the anterior semicircular canal, detects movement in forward/backward plane as in a nodding movement,
the posterior canal, detects movement in a frontal plane as in when cartwheeling.
The canal on each side has an almost parallel counterpart on the other side. Each pair of canals works in a push-pull fashion: when one is stimulated, its partner is inhibited. Together the partners allow us to sense rotation in all directions.
Emphasis on the function of the vestibular system comes from Ayres influence when she identified sensory processing disorders as a new condition. This sensory system has a broad influence in many parts of the brain projecting to:
- The cerebellum (to effect movements of the head, eyes, and posture).
- Cranial nerves III, IV, and VI (to permit the eyes to fix on a moving object while staying in focus).
- Reticular formation (to signal how to adjust circulation and breathing when the body assumes a new position).
- Spinal Cord (to allow quick reflex reactions related to balancing).
- Thalamus (to control head and body motor responses).
The information above is only a simple introduction to the role of the vestibular system as it relates to SPD. The figure below depicts the complex vestibular system. This figure is in the public domain from Gray’s Anatomy (book).
Proprioception (sense of muscle and/or joint movements) System
The proprioceptive system (sometimes abbreviated as “prop” by therapists when they talk about it) senses the position, location, orientation, and movement of the body muscles and joints. Proprioception provides us with the sense of the relative position of neighboring parts of the body and effort used to move body parts.
Proprioception is activated by input to a proprioceptor in the periphery of the body. The proprioceptive sense combines sensory information from neurons in the inner ear (detecting motion and orientation) and stretch receptors in the muscles and the joint-supporting ligaments for stance.
Two types of proprioception exist:
- Conscious proprioception, which travels up the posterior column-medial lemniscus pathway to the cerebrum; and
- Unconscious proprioception which travels up the dorsal spinocerebellar tract, to the cerebellum.
Proprioception was felt by Ayres to be the foundation (with vestibular impairments) of SPD. It is one of the three sensory systems used by SI trained therapists as the cornerstone of the sensory aspect of advanced treatment.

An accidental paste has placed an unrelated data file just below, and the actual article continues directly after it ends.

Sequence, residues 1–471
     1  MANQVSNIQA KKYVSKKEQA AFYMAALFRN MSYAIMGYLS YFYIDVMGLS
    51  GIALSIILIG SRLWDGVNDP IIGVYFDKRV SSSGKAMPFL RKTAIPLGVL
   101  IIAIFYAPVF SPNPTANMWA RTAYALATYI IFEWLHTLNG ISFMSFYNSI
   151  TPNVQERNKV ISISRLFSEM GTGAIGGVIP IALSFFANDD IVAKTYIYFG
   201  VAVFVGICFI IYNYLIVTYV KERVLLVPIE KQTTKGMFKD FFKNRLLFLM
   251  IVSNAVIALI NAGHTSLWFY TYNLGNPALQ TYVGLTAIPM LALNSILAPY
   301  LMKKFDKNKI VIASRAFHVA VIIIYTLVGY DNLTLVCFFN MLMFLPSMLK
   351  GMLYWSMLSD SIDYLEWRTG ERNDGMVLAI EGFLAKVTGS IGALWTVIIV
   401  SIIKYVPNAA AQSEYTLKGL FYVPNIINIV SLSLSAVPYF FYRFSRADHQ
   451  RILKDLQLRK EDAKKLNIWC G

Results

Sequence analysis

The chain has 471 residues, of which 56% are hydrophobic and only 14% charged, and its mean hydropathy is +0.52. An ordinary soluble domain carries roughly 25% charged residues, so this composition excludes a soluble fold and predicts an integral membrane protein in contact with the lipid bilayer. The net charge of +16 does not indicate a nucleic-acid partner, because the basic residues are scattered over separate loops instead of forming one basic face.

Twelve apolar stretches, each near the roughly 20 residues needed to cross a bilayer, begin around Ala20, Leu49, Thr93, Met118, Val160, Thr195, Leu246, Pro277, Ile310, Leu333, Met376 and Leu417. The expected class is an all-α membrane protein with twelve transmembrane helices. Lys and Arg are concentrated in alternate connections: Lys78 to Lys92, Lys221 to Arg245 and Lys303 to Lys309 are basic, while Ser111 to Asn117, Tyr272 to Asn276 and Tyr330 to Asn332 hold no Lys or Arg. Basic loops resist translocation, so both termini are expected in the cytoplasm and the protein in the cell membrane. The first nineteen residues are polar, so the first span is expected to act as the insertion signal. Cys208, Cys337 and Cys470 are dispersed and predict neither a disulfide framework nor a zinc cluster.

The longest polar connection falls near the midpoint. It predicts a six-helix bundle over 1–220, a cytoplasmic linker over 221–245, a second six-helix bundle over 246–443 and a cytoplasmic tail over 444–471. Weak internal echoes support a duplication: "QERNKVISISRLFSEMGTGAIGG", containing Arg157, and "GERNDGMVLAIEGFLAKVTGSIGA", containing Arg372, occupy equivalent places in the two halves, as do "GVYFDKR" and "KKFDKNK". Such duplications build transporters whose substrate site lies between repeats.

Temporary proprioceptive impairment is reported during times of quick growth, mostly during adolescence. Other large increases or drops in bodyweight/size due to fluctuations of fat (e.g., liposuction) and/or muscle content (e.g., body-building) also affect proprioception.
Proprioception is occasionally impaired in typically developing individuals, for example, if you are tired. Generally speaking we do not notice out proprioceptive sense because we disregard through habituation, desensitization, or adaptation sensory stimuli that is continuously present. In essence, the habituation makes the proprioceptive sensory impressions disappear. One practical advantage of this is that unnoticed sensation continue in the background while an individual’s attention can move to another concern.
The eighth, often neglected, but frequently problematic sensory system in SPD is the Interoceptive System. Interoception refers to sensations related to the physiological/physical condition of the body. Interoceptors are internal sensors that provide a sense of what our internal organs are feeling. Hunger and thirst are examples of interoception.
Interoception detects responses that guide regulation, including hunger, heart rate, respiration and elimination. The Interoceptive stimulation is detected through nerve endings lining the respiratory and digestive mucous membranes. Interoception works the vestibular and proprioceptive senses to determine how an individual perceives their own body. Well-modulated interoception helps the individual detect proprioceptive and vestibular sensation normally. For example, if a person feels his/her heart pounding, while it is not comfortable, trauma from the stimulation is not likely; nor will the stimulation be craved. The same is true for hunger and thirst, as well as the feeling of the need to urinate or have a bowel movement.
Interoception is associated with autonomic motor control, and is different than mechano-reception (in the skin) and proprioception (in the muscles and joints). Interoception is located in the dorsal posterior insula and it creates distinct feelings from the body including pain, temperature, itch, muscular and visceral sensations, vasomotor activity, hunger, thirst, and the need for air. In humans, the primary interoceptive activity occurs in the right anterior insula, which provides the basis for subjective feelings of ones’ emotional awareness.
Some researchers believe that our perceptions of well-being, energy and stress are based on sensations representing the physiological condition of our bodies. They suggest that interoception is a foundation subjective feelings, emotion and self-awareness. There is evidence that the anterior insula-cingulate system may integrate Interoceptive information with emotional salience to form a subjective representation of the body; while the mid-cingulate cortex, are more likely involved in environmental monitoring, response selection, and body orientation (see Taylor KS, Seminowicz DA, Davis KD (2009). Two systems of resting state connectivity between the insula and cingulate cortex. Human brain mapping, 30(9), 2731-2745).
See below for general diagram of the neuroanatomical locations noted in above descriptions. The brains depicted below are shown from a side view with the nose pointing to the left.